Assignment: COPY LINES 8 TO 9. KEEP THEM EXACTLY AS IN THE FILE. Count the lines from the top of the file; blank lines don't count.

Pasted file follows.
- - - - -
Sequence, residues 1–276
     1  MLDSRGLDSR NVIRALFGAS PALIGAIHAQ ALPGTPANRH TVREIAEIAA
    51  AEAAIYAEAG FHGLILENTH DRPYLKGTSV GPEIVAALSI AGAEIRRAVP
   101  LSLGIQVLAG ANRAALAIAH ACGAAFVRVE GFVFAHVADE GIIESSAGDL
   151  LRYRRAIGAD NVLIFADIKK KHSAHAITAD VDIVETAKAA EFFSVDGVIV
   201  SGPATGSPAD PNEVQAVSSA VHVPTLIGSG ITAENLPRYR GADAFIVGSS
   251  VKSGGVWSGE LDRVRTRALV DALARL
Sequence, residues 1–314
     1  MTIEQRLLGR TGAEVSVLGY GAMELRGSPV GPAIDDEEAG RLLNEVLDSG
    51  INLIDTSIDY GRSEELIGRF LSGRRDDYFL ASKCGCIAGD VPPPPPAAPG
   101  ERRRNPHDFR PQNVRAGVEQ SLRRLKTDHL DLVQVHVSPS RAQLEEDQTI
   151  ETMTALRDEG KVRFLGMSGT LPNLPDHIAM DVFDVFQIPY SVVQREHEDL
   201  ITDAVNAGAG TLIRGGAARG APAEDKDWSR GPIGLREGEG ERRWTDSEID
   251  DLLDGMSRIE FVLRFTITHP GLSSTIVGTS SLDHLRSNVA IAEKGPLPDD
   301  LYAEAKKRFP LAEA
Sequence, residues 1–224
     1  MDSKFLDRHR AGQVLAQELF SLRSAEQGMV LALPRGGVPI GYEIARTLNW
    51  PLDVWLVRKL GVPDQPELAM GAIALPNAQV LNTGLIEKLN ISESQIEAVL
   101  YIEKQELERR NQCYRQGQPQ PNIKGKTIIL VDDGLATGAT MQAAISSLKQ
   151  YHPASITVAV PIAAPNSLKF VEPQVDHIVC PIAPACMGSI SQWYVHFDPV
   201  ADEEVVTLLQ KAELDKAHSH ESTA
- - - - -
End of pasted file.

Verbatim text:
Sequence, residues 1–314
     1  MTIEQRLLGR TGAEVSVLGY GAMELRGSPV GPAIDDEEAG RLLNEVLDSG